A student march in Chile's capital ended with violent confrontations with police and the vandalising of a Catholic church as the radicalisation of the country's politically powerful student movement intensified.
University and high school students in Chile have become increasingly disenchanted with the left-leaning government of President Michelle Bachelet.
They have accused Ms Bachelet of reneging on a number of promises regarding social and economic reforms, and are incensed over the government's failure to complete a planned education overhaul, which has been diluted due to budget constraints. They have promised more protests.
At the end of the march yesterday, masked protesters entered a church in downtown Santiago and destroyed a three-metre tall statue of Jesus Christ.
Chile's Interior Ministry Mario Fernandez, who took over the post on Wednesday after the prior minister resigned, condemned the statue's destruction.
“What we have just seen is a very troubling symptom of what some people, young people it seems, are starting to do to our country,” he said.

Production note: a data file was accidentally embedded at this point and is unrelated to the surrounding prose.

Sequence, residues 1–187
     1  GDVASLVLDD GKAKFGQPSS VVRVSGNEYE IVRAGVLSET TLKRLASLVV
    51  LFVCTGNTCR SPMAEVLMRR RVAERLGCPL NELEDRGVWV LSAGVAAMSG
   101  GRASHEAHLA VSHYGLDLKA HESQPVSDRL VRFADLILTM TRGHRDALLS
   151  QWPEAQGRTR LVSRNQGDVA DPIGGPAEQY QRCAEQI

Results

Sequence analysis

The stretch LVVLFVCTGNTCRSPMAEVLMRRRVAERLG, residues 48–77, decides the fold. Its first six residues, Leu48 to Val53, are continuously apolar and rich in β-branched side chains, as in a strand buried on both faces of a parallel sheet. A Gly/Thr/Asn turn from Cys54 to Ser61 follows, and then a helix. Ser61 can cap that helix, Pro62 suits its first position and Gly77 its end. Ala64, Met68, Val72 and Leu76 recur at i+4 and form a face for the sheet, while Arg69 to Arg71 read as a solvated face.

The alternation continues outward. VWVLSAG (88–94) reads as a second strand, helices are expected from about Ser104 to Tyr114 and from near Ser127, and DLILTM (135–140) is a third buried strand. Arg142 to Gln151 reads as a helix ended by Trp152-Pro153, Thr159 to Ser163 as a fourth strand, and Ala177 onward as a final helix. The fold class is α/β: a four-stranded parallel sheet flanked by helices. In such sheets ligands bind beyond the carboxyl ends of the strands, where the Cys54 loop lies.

Student groups including the Confech student union, have also condemned the vandalising of the church.
Student groups have called the act inappropriate and have said it was committed by a fringe group with little understanding of the student movement's principles.
Student protests, a regular fixture during the last centre-right government of Sebastian Pinera, often end in clashes with police.
The massive protests have increased in recent weeks, heaping political pressure on Ms Bachelet's government.
In the last month, students have staged a protest inside the country's presidential palace and have occupied and paralysed dozens of universities and high schools throughout the country.